Tried the last bit of my sample of this today using my 12 oz mug and brew basket. Too lazy for gaiwan. Besides, I was curious if it would be much different this way. It is a little different, but it’s still a massive vortex of flavors and notes.

I noticed I’m also much more tolerant of mineral and roasty notes than I used to be, making this tea that much more pleasant. I just wish my taste buds would have shifted a little sooner so I could have bought more, but c’est la vie.

Preparation
195 °F / 90 °C 1 min, 30 sec

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92

I brewed this one gaiwan style, boiling water with very quick steeps. Did two rinses like the Verdant site says to. This one smells the way it tastes to me. But let me tell you a story first.

I used to work on a farm when I was younger. Go out in the morning and take the cows out to pasture. Then go out to the fields all afternoon throwing hay bails into the back of the trailer until no more bails would fit. Take the tractor to the barn and then stack all said hay bails.

Before heading out for another run we would have lunch in the late afternoon. Typically something that was easy to make yet hardy. Homemade deer sausage and burritos were fairly popular with homemade corn tortillas. I did this for a number of years. Then one year a business decided to buy the farm. Now all that stands there is a huge warehouse that I can see through the forest from my parents house.

This tea reminds me of the days that I worked on that farm. The corn notes reminds me of the corn tortillas. There are some hay notes I get in this tea as well that remind me of working hard days under the sun pitching hay bails. Underlying all that is the subtle note of forest. Where there isn’t farms, there is forest where I live. This tea is one that brings strong nostalgia for me.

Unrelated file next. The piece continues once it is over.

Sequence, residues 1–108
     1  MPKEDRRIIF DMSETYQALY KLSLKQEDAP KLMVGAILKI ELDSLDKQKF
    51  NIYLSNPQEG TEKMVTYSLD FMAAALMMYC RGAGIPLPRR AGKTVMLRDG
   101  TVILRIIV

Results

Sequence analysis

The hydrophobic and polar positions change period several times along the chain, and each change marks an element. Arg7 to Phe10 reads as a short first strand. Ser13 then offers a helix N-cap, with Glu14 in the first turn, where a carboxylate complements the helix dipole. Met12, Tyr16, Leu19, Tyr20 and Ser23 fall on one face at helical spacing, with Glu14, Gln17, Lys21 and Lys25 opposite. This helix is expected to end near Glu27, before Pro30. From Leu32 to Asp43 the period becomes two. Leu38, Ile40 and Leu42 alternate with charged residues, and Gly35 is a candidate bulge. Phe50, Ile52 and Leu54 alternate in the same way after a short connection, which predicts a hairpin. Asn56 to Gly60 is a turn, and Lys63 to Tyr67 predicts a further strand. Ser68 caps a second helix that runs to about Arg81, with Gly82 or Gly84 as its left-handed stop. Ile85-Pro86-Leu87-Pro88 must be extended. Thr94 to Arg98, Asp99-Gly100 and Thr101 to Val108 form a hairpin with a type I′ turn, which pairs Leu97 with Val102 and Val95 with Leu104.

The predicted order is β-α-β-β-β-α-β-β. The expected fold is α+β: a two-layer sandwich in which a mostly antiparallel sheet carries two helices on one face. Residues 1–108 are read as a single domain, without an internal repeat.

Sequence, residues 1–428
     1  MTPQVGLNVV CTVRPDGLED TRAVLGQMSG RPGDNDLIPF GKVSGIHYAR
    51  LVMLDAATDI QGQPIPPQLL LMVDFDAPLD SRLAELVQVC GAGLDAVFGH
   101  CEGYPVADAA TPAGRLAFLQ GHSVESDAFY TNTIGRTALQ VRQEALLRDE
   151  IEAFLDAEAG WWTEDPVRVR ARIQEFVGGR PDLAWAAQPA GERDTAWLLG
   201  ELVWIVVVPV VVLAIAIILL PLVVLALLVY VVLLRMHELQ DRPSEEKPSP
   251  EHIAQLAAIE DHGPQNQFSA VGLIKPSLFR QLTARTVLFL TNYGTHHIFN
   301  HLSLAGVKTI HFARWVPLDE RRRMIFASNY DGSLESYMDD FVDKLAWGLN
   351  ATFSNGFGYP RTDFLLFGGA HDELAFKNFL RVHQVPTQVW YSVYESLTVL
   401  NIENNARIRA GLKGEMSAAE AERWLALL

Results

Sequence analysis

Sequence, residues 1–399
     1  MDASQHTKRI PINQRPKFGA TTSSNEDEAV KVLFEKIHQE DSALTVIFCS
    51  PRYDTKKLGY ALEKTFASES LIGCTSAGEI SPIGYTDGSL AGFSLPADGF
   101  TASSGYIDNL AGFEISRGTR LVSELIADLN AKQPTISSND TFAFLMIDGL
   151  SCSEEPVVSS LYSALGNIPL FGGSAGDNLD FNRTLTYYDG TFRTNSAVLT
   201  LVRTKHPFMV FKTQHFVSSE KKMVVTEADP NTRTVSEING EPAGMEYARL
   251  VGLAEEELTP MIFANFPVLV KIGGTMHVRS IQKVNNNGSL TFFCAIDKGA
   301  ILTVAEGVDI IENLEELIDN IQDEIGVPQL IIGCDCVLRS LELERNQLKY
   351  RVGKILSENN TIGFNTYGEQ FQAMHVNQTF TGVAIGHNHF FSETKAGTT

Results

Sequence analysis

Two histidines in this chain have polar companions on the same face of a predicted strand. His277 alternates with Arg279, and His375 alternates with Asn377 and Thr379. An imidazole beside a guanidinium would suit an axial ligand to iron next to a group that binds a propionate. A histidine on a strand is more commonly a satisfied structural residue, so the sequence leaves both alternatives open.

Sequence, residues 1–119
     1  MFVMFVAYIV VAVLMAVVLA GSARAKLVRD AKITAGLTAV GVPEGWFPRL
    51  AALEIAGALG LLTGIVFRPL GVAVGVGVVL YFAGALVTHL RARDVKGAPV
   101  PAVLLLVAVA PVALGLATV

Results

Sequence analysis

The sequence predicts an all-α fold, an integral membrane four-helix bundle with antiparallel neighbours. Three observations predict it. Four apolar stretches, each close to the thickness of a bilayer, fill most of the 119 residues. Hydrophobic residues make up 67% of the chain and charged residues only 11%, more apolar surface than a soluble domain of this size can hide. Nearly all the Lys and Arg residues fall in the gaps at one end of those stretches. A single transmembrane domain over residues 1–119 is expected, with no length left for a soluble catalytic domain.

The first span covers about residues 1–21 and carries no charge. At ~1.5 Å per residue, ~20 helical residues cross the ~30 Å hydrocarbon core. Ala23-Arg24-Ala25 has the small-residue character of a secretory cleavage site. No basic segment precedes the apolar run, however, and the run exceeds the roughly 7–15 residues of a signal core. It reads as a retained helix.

This is a pleasant tea that isn’t typically of any other puerh I’ve had. Granted I haven’t had that many, but most are rich with forest and earth to me. This one it is much more subtle, a background note, one that you may not notice if your attention is elsewhere.

Preparation
Boiling 0 min, 15 sec
CupofTree

I absolutely loved your story, thanks for sharing it. Its amazing how a tea brings you to these memories.

Invader Zim

Thank you. I was teetering on whether I was going to tell it or not, but it felt right considering how strongly this tea was making me remembering it.

Terri HarpLady

I’m glad you told it! Thanks! I love the stories people tell here! Tea brings images to our minds, & I love that!

ashmanra

Zim: did you ever have peanuts in Coke? All the farm folk around here would get a pack of salted peanuts and dump them in the glass Coke bottle. The peanuts mostly float, and each time you take a swig you get peanuts, too. I have been told that they did this because they needed energy putting in tobacco, but their hands were too dirty and sticky to actually handle food. Peanuts and Coke gave them caffeine and protein, so it was a great snack! My dad taught me to do it, and we still drink it now just because we like it!

Invader Zim

Lol, no I’ve never done it and I’ve never actually seen anyone do it, but I have heard of it!

inguna

“This tea reminds me of the days that I worked on that farm.”

It’s funny that you say that because I had the same feeling/association. This tea makes me think of my aunt’s farm where I stayed as a child.

Bonnie

OK when I go on vacation you can take over the stories for me!
Great job!

gmathis

Never heard of peanuts & Coke! Guess I was raised slightly too far north.

Invader Zim

Inguna: At least I’m not the only one!

Bonnie: Thank you! I’m glad to get such an approval from the story-teller, but I don’t think I have a story for every tea like you do yet.

Gmathis: Definitely not raised to far north! I live in Pa!